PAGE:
One storyline of a family going on a holiday is now split into 4 separate but equally heartbreaking stories. Lucas is on his own at the hospital, unaware of what happened to his mother, while his father continues his search for them both. The youngest boys are put into a bus with random other kids, not knowing where they are being taken to and last but not least we have Maria, who’s condition is getting critical and life-threatening.

I’m not going to tell you how it ends but I can promise you, it will move you to tears and you won’t be able to forget about this movie for days.

Near perfection

The acting is perfect, the music and cinematography are stunning and the story isn’t being dragged out. The only shame is that the story is told from the perspective of a white European family, not from a local one. The story is based on true events, although the original family is Spanish and not British. It is surely a missed opportunity to either tell the story from a local’s perspective or to hire Spanish actors instead, but I do still think it’s an excellent movie.

Let’s start with the cast. Both Naomi Watts and Ewan McGregor give one of their best performances ever as they are both desperate to hold onto their families and are constantly being put through hell. They both act in such natural and heart-rending ways that you simply cannot stay unmoved. Now, I usually tend to find child actors rather annoying in movies as their acting is sometimes really nowhere near great but goddamn, these three kids are cast perfectly! Every emotion on their little faces, every word they say seems so real, it will move you to your very core.

Another reason why I think this is one of the best movies I’ve ever seen, is the way the story is being told. Unlike many other movies, this one doesn’t take long before it gets kicked into gear. There’s no extended introduction to the characters, no unnecessary pieces of information on who they are. After only 13 minutes the movie gets kicked into gear, grabbing you by the throat and never releasing any of its tension. I actually had chills right from the very beginning up until the end of the movie, which has never happened before. There’s actually not one single boring or redundant scene in the entire movie. It’s pretty hard to explain but you’ll feel like you’ve watched a movie for weeks and at the same time it’ll seem like it went by in a few minutes.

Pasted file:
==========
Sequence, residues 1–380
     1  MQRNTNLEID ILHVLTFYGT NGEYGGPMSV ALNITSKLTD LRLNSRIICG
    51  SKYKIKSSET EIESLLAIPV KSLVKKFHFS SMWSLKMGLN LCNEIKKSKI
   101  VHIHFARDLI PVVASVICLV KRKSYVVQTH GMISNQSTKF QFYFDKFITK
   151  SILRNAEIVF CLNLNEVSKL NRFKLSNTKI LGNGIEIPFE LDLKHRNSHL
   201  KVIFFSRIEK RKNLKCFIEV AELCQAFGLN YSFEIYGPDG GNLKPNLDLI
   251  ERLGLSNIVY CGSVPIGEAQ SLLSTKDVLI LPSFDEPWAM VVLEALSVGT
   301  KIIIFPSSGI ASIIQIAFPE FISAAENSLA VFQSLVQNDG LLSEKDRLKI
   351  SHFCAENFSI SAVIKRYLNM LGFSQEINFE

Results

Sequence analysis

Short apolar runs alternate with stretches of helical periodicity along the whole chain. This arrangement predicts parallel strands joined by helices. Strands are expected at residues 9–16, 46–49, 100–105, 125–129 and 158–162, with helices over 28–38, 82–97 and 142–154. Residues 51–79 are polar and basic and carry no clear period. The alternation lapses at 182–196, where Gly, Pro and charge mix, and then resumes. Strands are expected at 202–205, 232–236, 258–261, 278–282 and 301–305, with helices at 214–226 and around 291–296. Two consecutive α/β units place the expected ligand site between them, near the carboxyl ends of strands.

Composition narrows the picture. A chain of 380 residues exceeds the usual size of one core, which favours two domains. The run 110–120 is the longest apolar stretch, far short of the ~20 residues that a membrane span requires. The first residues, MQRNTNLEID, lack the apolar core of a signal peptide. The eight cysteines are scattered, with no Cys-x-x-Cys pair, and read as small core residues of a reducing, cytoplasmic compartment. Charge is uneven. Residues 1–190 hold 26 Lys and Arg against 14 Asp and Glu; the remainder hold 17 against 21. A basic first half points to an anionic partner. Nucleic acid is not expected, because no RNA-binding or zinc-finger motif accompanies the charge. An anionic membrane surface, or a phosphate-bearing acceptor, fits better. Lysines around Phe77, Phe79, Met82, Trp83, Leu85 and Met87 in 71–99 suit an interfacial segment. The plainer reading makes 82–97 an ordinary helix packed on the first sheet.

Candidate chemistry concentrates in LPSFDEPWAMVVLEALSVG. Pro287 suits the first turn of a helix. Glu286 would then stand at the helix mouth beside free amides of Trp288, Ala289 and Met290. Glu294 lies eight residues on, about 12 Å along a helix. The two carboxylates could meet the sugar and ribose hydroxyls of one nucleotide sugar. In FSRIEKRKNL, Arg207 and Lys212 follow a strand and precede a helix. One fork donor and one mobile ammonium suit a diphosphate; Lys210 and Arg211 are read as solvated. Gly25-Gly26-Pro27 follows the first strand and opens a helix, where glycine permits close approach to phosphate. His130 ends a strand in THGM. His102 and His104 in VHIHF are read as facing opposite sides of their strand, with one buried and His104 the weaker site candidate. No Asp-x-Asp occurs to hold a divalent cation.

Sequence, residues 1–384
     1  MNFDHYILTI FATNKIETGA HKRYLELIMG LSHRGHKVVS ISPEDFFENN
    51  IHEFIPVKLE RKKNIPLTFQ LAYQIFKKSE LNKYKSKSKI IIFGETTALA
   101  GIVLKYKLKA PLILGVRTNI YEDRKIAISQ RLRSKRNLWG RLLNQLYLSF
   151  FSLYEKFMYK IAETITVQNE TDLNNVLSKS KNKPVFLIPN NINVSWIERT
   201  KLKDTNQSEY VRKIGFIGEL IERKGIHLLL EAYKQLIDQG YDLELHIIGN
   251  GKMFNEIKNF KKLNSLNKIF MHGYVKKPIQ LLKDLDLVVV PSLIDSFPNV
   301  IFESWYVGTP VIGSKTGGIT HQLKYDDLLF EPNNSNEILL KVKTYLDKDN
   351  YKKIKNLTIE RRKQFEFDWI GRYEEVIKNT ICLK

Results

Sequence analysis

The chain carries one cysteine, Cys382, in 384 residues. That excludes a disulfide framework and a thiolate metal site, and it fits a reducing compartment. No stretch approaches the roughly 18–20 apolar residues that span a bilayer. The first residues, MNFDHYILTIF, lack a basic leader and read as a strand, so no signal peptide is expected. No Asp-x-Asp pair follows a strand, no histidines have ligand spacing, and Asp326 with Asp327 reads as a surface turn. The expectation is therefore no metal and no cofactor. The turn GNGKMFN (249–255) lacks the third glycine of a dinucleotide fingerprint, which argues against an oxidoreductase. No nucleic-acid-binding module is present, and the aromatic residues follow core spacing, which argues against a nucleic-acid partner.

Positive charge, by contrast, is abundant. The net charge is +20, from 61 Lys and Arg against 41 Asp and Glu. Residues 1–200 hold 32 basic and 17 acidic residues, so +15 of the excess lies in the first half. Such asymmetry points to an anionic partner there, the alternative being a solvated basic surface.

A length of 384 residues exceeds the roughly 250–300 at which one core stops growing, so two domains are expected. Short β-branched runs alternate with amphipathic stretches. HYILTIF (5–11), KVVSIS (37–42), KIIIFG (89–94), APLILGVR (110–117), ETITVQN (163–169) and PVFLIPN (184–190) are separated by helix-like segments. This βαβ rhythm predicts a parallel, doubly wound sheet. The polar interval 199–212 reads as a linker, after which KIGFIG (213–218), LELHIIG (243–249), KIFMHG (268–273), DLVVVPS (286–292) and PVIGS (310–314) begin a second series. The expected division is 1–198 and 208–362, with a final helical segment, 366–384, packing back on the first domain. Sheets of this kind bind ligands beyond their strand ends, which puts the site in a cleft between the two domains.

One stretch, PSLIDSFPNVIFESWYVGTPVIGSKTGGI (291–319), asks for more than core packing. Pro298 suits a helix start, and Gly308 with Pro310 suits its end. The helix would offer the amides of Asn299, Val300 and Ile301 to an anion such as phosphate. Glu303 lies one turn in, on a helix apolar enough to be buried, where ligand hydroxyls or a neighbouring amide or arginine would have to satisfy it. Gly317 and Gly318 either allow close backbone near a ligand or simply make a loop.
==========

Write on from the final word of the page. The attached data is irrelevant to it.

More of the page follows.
On top of that, this movie was directed by a Spanish director (Juan Antonio Bayona) who is obviously less influenced by typical Hollywood disaster movies. The movie doesn’t just focuses on the disaster or unnecessary subtexts and storylines but it taps into human emotions and focuses on courage and the human spirit. Also, it shot in such a beautiful way! The way Bayona plays with light is simply stunning and he’s not afraid to sometimes use some unusual colors, like for instance at the beginning when the family is playing at the beach.

Last but not least, the score that accompanies this movie is spectacular. Every song that’s featured is perfect in every way. On top of that, Bayona’s not afraid to often to let the audience sit in silence or only guide them with a very soft song that’s only there to intensify the sadness you’ll feel when watching this movies at times when words would not suffice. At times, he’ll let go of the music and only focus on real sounds. For example, when Maria and Lucas are swept away by the water, he cuts down all music and lets us hear what they were hearing under water.

It’s one of the most haunting stories you’ll ever witness!